Taking evidence in a criminal case
A key element in a criminal investigation procedure is to establish whether a person is guilty of committing an offence. Effective cooperation between EU countries in obtaining evidence in relation to criminal matters is key to efficiently fight cross-border crime in the EU.
European investigation order
The Directive regarding the European investigation order in criminal matters was adopted on 3 April 2014 and EU countries had to transpose the directive into their national legal systems by 22 May 2017. Denmark and Ireland are not bound by this instrument.
What is it?
A European investigation order is a judicial decision, which has been issued or validated by a judicial authority of one EU country, requesting another EU country to carry out one or more specific investigative measure(s) to obtain evidence. A European investigation order may also be issued to obtain evidence that already exists.
The European Investigation Order is based on mutual recognition, which means that the executing country is in principle obliged to recognise and ensure execution of the request of the other country, in the same way and under the same modalities as if the investigative measure concerned had been ordered by an authority of the executing country. The execution of the Order can be refused only in specific cases.
The directive creates a single comprehensive framework for investigative measures with a large scope. The investigative measures would, for example, include hearing of witnesses, telephone interceptions, covert investigations, information on banking operations.
How does it work?
A European investigation order is issued using a standard form and translated into the official language of the executing country. It must be recognised within a fixed deadline of 30 days, and the investigative measures requested must be carried out within 90 days following the taking of the decision on the recognition and execution.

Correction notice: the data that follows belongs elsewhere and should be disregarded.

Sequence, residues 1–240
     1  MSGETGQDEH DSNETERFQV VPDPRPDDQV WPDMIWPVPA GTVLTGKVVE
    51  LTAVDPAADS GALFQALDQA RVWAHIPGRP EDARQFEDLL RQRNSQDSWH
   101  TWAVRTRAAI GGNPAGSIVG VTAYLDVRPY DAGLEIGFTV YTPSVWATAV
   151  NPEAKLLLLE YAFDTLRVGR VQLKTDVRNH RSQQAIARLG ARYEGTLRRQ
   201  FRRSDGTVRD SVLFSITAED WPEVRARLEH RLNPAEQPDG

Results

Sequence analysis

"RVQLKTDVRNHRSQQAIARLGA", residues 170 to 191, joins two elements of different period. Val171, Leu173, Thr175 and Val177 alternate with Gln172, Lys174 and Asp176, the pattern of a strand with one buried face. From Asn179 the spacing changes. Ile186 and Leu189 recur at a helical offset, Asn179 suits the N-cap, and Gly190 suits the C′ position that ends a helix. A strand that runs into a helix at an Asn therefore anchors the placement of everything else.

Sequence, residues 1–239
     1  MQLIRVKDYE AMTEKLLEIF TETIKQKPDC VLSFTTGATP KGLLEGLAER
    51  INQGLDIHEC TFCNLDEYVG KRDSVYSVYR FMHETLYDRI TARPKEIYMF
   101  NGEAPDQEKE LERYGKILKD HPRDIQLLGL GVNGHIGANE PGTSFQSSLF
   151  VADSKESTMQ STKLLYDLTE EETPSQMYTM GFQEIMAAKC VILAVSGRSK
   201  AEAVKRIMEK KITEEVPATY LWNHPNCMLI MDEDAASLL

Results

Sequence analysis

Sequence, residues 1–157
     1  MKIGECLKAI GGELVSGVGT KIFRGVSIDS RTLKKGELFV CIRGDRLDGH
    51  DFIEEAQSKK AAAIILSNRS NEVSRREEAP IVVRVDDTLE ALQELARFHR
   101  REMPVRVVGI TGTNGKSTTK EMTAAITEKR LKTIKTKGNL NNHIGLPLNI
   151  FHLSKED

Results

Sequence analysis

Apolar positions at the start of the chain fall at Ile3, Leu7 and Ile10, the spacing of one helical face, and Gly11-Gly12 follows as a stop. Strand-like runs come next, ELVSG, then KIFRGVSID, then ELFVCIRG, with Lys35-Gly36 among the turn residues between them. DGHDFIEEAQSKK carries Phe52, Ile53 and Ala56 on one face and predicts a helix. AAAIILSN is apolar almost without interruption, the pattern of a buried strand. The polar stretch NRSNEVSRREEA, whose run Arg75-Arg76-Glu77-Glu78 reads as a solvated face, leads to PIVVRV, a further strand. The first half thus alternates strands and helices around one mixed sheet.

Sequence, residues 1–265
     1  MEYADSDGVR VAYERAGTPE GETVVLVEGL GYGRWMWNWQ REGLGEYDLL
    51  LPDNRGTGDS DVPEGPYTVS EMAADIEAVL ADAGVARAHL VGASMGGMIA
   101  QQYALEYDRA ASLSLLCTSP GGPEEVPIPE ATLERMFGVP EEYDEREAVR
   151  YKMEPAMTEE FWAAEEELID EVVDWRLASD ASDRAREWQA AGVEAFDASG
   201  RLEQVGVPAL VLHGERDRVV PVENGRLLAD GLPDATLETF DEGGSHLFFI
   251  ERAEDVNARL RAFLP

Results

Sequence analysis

In July 2021, the European Commission adopted a report assessing the implementation of the Directive regarding the European investigation order in criminal matters. The report describes the state of play of the Directive’s implementation by Member States, focusing on the main provisions which are crucial for the smooth functioning of the EIO. It also provides some data relating to the Directive’s application by Member States.
Obtaining electronic evidence (e-evidence), such as information on the holder of an email account or the timing and content of messages exchanged via Facebook messenger, for criminal investigations often has cross-border implications, as the data may be stored or the service provider located in another EU country or somewhere else in the world.
Traditional judicial cooperation tools are considered too slow in this context. Work is ongoing on solutions to equip judicial and law enforcement authorities with modern investigation tools to improve their access to e-evidence.
Taking evidence in a civil and commercial case
Simplifying and accelerating cooperation between courts in the taking of evidence is important in judicial proceedings.
The Regulation on cooperation between the courts of the Member States in the taking of evidence in civil or commercial matters sets out the relevant rules.
This Regulation applies to all EU Member States except Denmark.
On 31 May 2018, the Commission has proposed to amend the Regulation: Taking of Evidence COM (2018) 378